Manchester United's failure to qualify for this season's Champions League has hit the club's revenues.
The 20-time league champions saw revenues fall by 12.2 per cent to £194.4 million for the six months to the end of December 2014. Profits also fell 52 per cent to £8.9 million for the period as the club missed out on broadcast and match-day revenues. United's failure to reach Europe's elite club competition meant they failed to secure payments from kit supplier Nike.
Ed Woodward, United's chief executive, noted that despite the falls in revenues and profits, it was offset by a 23 per cent increase in sponsorship revenues which has grown to £35.8 million. In 2014, the club secured a record deal with German sportswear firm Adidas worth a huge £750 million over the course of ten years.
The Adidas deal, which will come into effect from the 2015/16 season, comes after Nike decided against continuing its relationship with the club. United's agreement eclipses any other deal in professional sport and will see Adidas pay £75 million a season to the club, dwarfing the current highest of £31 million-a-year paid by the company to Real Madrid.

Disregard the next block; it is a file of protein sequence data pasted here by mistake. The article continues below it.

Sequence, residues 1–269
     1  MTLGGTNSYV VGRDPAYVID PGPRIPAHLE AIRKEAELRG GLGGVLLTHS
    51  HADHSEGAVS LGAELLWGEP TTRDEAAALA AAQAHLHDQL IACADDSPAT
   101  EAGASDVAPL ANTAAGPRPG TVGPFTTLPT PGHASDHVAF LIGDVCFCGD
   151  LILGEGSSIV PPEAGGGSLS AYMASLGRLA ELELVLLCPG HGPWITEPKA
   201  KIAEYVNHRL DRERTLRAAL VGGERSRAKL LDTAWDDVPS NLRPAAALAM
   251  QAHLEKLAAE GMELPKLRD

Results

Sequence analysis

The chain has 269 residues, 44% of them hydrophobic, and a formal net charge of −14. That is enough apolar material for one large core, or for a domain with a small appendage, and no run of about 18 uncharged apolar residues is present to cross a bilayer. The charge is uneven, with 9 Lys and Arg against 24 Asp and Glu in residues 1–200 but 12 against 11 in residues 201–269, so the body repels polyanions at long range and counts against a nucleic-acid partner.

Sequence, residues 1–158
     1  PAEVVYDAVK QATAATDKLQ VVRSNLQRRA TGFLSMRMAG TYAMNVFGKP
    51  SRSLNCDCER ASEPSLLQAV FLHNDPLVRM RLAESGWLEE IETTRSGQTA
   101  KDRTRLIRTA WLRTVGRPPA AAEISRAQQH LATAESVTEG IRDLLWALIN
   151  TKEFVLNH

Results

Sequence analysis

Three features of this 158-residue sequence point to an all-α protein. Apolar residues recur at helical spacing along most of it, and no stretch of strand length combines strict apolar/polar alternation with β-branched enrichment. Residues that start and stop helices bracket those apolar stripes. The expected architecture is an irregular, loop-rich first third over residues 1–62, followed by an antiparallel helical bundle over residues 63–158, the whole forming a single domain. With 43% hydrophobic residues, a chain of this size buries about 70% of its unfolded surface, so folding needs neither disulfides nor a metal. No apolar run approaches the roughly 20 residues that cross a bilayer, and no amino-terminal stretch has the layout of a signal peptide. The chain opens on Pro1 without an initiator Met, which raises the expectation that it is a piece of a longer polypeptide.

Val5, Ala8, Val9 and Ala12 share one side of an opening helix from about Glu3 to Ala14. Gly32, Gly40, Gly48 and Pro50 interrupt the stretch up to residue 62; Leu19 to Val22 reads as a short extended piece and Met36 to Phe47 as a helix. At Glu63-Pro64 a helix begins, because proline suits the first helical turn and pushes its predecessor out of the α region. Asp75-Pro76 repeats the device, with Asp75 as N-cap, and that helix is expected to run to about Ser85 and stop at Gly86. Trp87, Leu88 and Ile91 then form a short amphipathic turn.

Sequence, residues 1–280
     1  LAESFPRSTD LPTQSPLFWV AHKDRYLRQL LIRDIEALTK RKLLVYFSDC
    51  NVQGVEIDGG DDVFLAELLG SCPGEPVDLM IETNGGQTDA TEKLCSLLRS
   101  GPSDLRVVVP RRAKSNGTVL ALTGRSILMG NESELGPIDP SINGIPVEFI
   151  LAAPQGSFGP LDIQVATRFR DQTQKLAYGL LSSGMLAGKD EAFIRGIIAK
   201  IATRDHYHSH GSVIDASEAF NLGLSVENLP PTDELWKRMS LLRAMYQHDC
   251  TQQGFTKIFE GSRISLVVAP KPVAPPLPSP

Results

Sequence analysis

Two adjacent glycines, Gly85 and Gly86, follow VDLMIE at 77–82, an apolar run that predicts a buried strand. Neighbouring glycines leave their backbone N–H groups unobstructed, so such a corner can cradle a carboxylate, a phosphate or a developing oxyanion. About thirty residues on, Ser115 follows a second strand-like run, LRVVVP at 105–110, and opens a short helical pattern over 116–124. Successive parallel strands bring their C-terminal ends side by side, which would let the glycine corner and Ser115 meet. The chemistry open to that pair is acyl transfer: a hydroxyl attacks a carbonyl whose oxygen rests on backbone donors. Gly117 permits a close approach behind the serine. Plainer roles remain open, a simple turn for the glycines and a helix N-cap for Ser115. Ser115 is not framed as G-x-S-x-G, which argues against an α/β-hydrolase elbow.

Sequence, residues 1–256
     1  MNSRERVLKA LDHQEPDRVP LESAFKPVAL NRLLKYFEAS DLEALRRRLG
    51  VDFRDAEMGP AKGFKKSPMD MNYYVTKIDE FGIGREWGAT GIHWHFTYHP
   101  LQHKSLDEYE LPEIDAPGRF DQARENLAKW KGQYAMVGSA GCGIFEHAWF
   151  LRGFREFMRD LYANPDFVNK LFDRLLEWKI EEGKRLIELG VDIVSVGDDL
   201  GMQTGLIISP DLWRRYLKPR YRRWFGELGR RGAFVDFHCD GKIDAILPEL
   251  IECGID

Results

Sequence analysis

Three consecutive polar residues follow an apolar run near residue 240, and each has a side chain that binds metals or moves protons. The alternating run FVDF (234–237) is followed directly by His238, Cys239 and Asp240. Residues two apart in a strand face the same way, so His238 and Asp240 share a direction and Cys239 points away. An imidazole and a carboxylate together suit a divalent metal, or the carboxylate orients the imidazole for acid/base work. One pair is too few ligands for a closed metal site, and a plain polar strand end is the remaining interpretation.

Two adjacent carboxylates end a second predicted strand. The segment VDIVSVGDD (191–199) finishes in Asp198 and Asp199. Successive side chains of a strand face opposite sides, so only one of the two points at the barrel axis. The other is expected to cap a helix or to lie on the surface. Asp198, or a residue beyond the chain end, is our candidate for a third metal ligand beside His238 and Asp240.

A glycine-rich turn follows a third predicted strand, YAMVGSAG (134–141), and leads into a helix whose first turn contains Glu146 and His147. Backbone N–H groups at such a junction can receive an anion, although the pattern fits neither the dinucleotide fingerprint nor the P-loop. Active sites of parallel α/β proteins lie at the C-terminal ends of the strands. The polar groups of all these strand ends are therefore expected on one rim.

Mr Woodward said: "Notwithstanding no European football this season, our revenues remain strong. On the pitch, the team is well positioned to challenge for a top-four finish in the Premier League and we look forward to the rest of the season."
The 2013/14 season was a disaster by United's standards. As defending champions, the club was unable to make the top six in the Premier League and finished a hugely disappointing seventh. Manager David Moyes, touted as the successor for Sir Alex Ferguson, was dismissed in April and replaced by Dutchman Louis van Gaal at the beginning of the 2014/15 season.
Despite spending in excess of £150 million during the summer transfer window, United have so far failed to mount a sizeable challenge for the league title. They currently sit in third position, 12 points behind league leaders Chelsea.
Following the fall in revenues, United's share price grew by 1.04 per cent.